IT IS the end of an era for a major Hampshire employer today as more than 500 workers at the giant Ford plant will walk through the gates for the last time.
The motor giant blames the economic downturn and lack of demand for the massive round of redundancies which will mean half the workforce going, taking with them 14,000 years of experience.
One worker, who at 48 years old can’t afford to leave, said: “I feel like I am being left on a sinking ship watching half my friends sail away in the last remaining lifeboat.
“I can’t see Ford being here in a few years time.”
Stephen Slominski, 52, who is leaving today after 23 years, said: “I have no faith in the promises we have been made about the future and I think lots of people share this feeling.
“I have only taken retirement because I feel there will be more cuts to come with less of a redundancy package on offer.”
News the huge firm was to slash jobs was exclusively revealed by the Daily Echo earlier this year.
Today unions launched a fresh attack on Ford bosses claiming the firm was using the recession as an excuse to make huge job cuts.
Nick Chaffey, of the National Shop Stewards Network and Unison, said: “This is one chapter in a story that could spell the end for British manufacturing.
“I want to know why it is not the top level management who are losing out but the guys who have made the vans and the profit for all these years.”
He went on to say the ripples of these drastic cuts could cost the Hampshire economy as much as £20m a year and continue to hit the supply chain and related industries.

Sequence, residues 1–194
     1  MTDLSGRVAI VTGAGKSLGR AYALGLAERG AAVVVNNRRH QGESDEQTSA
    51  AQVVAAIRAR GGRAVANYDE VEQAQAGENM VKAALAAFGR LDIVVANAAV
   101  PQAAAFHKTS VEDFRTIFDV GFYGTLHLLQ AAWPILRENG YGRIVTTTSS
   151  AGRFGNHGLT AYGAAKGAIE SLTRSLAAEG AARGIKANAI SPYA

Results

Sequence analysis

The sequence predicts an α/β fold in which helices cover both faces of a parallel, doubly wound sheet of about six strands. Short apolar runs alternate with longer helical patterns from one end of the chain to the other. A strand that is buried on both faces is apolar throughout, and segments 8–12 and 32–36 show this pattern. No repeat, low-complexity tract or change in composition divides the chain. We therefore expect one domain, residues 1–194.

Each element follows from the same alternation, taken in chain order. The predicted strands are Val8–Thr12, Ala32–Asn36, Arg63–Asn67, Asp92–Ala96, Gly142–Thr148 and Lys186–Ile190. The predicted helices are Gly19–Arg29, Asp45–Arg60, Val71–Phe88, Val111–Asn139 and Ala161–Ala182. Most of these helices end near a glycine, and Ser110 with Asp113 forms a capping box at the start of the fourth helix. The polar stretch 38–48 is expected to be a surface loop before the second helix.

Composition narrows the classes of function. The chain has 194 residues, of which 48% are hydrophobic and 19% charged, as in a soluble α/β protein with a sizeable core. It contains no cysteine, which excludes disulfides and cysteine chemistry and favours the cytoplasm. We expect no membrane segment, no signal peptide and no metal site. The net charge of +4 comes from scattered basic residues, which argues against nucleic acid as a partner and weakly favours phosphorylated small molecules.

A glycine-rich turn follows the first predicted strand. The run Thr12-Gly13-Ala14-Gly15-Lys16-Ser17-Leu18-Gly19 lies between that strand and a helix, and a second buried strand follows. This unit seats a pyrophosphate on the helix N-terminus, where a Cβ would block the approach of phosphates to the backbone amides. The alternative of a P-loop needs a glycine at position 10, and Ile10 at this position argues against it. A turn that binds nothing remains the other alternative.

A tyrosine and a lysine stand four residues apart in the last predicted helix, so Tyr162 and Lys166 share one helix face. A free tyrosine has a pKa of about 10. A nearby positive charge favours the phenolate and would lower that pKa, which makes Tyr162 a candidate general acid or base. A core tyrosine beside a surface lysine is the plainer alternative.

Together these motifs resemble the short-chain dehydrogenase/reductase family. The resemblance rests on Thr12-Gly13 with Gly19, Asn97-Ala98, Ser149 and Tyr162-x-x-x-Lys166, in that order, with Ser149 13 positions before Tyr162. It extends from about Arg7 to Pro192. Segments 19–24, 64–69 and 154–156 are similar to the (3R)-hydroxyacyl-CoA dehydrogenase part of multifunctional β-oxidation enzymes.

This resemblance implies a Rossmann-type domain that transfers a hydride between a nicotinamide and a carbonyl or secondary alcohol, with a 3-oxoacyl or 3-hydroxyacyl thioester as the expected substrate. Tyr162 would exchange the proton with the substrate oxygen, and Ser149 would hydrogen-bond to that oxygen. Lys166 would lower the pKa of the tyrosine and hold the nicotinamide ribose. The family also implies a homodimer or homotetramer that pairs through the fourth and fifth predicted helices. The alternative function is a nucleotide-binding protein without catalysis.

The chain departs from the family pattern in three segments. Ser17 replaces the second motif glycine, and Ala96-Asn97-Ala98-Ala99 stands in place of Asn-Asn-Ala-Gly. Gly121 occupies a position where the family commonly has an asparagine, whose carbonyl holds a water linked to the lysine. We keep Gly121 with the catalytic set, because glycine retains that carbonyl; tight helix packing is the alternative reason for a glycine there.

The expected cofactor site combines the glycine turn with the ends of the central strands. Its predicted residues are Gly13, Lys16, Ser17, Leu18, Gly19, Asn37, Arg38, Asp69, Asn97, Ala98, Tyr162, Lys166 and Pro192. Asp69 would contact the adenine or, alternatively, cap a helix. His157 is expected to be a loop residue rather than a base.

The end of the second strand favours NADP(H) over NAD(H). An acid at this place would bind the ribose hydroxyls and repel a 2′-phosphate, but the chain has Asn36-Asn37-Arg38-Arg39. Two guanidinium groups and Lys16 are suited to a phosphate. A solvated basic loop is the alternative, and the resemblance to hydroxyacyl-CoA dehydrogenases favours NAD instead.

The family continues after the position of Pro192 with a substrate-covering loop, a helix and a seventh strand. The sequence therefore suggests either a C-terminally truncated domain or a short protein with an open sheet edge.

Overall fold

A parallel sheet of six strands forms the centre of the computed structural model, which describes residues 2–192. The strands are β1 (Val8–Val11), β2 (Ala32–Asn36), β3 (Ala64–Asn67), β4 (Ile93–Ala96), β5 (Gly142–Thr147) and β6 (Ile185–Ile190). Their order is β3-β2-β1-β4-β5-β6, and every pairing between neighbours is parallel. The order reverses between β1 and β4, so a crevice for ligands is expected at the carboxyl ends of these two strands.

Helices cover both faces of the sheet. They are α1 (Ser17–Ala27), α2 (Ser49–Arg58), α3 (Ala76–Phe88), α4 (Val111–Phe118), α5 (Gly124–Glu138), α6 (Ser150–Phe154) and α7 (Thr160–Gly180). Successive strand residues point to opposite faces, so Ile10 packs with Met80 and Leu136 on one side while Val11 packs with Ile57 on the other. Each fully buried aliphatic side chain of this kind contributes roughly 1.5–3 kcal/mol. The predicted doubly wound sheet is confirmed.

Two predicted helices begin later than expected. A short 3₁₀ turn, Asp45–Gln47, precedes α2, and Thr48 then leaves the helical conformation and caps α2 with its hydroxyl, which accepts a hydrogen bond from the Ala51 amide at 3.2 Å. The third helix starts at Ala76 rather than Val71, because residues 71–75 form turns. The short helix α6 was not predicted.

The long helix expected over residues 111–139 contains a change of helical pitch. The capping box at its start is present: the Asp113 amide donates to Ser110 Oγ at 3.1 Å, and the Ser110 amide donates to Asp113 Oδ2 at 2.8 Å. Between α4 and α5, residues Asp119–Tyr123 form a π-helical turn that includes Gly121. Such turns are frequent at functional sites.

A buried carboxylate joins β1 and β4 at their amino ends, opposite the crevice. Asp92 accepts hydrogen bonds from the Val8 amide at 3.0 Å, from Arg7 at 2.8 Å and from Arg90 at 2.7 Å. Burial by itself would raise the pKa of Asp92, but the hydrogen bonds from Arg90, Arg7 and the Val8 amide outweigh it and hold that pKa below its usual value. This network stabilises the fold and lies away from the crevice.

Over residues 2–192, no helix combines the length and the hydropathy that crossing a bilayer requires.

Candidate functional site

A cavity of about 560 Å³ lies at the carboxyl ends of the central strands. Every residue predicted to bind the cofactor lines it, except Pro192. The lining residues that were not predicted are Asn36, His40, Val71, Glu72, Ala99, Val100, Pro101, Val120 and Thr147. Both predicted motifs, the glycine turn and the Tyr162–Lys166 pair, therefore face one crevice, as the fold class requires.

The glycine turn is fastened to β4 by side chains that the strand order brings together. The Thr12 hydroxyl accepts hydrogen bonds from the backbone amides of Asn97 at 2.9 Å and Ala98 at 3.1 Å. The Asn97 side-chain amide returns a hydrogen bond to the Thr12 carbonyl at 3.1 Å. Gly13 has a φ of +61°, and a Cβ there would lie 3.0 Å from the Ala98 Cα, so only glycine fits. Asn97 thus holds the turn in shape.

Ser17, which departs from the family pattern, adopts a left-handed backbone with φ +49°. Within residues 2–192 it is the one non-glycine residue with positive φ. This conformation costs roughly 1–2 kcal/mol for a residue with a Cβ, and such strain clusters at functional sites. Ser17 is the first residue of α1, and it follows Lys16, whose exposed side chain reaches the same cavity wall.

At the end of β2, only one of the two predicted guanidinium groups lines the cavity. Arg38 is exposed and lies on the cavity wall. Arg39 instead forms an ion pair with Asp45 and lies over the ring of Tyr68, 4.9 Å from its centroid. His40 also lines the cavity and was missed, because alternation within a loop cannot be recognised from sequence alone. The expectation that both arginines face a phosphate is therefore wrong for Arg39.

While Tuesday is officially the last day, most workers are handing in their uniforms and having one last look around the plant today.
Many have followed family members into the Swaythling plant and been clocking in for more than 30 years.
With their pensions, some of the high-grade, long-serving staff could be looking at leaving with up to £100,000.
Due to the recession the company has pushed back controversial plans to export the iconic Transit to Turkey.
There will be three weeks of nonproduction days starting next week.
The Daily Echo understands output has dropped from 380 a day last year to just 125.
Plant manager Martin Chapman told workers: “As we approach another significant milestone in the history of our plant I think it important to recognise our colleagues who will be leaving us shortly.
“A great many of those leaving will have spent most, if not all, of their working lives at Ford, and I would like to personally thank them on behalf of the management team and the company for their
contribution and wish them every success in the future.”